With yesterday offering the first legitimate push back against the recent sell-off, today becomes one of three critically important days in establishing a ceiling for bond yields (or a floor for MBS prices).  With Biden announcing stimulus details tomorrow, and Retail Sales on Friday, we wouldn't expect a bond rally to get too far ahead of itself today (if it does, that would be very telling, in a good way).  The goal for bond bulls is simply to avoid slipping back into sell-off mode. 

Conventional wisdom suggests weakness is a bigger risk in the hours leading up to the 1pm 30yr bond auction.  Trading doesn't always stick to that script, of course, but the point is this: if yields are rising between 10am and 1pm, we'd want to wait to see what happens after 1pm before concluding all hope is lost.  The only exception would be for significant weakness that's clearly attributable to an obvious, new root cause (unexpected news headline, etc.).

Econ data is innocuous today for a few reasons.  The biggest reason is that CPI is already out and there was no reaction.  But even then, traders are cool to the notion of panicking over inflation until and unless it's clearly on the move higher, and that move is corroborated by multiple reports for several months.  In separate data, MBA mortgage apps surged (refis highest in 10 months), but this isn't a market mover as far as bonds are concerned.  The slight exception would be that the refi surge speaks to increased MBS issuance--one of the factors driving MBS underperformance in recent days.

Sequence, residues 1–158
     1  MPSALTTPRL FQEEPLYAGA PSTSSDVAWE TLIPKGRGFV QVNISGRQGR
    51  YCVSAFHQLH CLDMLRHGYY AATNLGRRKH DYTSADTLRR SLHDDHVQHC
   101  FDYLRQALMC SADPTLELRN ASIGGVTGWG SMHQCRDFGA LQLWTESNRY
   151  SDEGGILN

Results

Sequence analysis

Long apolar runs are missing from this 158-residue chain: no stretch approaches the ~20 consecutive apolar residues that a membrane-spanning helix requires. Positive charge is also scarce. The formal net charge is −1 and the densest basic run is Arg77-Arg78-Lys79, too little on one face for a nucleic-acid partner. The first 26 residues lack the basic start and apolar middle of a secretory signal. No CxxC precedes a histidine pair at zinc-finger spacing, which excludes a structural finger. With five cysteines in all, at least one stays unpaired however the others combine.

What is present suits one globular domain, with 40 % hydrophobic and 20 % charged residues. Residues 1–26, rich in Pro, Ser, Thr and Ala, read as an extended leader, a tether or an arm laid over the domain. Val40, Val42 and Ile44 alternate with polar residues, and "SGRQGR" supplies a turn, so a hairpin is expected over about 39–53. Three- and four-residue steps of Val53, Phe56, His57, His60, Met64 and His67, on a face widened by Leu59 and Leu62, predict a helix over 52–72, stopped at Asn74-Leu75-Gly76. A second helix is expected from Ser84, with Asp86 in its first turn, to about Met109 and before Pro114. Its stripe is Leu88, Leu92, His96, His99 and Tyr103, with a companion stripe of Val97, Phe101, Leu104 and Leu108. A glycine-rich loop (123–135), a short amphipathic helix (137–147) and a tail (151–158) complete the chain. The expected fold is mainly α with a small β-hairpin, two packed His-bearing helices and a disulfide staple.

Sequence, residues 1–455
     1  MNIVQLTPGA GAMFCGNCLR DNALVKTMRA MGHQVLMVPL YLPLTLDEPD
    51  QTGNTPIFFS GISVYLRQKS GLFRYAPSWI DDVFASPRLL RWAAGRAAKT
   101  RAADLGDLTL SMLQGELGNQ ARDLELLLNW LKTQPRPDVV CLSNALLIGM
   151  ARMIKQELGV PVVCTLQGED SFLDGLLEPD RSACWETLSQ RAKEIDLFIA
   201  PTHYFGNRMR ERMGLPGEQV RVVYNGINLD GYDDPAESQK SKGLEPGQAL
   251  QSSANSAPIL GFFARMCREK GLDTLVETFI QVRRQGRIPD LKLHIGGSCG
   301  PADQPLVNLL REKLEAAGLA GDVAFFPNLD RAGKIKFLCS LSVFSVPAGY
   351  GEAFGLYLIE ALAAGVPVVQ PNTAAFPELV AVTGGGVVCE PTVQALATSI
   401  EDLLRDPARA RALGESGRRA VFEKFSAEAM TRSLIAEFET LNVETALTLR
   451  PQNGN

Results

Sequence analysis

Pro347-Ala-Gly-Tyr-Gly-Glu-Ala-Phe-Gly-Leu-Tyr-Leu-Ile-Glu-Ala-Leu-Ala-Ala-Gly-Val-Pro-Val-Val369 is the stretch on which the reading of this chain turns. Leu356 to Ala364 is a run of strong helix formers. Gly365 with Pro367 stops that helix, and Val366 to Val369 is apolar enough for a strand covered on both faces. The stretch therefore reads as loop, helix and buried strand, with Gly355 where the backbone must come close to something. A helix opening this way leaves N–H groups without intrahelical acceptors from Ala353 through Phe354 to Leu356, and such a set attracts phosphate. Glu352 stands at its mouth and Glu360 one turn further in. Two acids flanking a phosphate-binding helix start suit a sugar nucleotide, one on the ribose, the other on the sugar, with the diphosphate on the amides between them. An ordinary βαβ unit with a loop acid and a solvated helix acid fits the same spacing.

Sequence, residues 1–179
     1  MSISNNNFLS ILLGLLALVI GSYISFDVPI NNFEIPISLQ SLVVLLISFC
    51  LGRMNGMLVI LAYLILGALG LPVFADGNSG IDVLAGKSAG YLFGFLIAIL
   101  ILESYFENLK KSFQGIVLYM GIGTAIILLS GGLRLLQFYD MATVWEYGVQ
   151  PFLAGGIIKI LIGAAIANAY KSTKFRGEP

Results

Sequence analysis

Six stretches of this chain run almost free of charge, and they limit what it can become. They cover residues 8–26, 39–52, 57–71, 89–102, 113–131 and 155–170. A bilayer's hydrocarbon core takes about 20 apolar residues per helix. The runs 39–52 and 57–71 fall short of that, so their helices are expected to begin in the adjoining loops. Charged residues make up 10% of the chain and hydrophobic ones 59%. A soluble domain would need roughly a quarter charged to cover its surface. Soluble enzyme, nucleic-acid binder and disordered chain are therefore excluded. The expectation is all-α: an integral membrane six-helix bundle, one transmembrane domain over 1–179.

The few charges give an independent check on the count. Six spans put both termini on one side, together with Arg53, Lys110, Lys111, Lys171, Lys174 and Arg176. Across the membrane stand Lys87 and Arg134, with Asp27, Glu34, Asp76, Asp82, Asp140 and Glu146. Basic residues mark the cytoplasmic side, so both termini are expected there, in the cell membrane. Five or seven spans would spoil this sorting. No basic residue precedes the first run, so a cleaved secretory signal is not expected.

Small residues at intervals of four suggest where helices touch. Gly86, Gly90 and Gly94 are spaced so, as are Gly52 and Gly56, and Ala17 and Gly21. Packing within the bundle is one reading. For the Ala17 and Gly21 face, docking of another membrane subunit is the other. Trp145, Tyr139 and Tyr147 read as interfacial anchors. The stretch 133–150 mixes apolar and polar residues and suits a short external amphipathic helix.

Speaking of MBS specific issues, note that the charts on MBS live will not necessarily line up with the price tables.  Specifically, the line on the chart might look like it's right in line with yesterday's closing prices.  You might logically conclude that prices are "unchanged" in that case, but the price table would showing that MBS are +0-04 (or +.125).

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This has to do with the roll (the monthly coupon settlement where January coupons cease trading and Feb coupons take over).  Feb coupons have always been trading at a lower price than Jan coupons because an investor who buys them will be waiting one additional month before getting their first interest payments.  The left side of today's chart shows Jan coupons and the right side shows Feb.  If the left side showed Feb coupons, we'd see that yesterday's closing prices were indeed an eighth of a point lower than current prices.  Learn more here.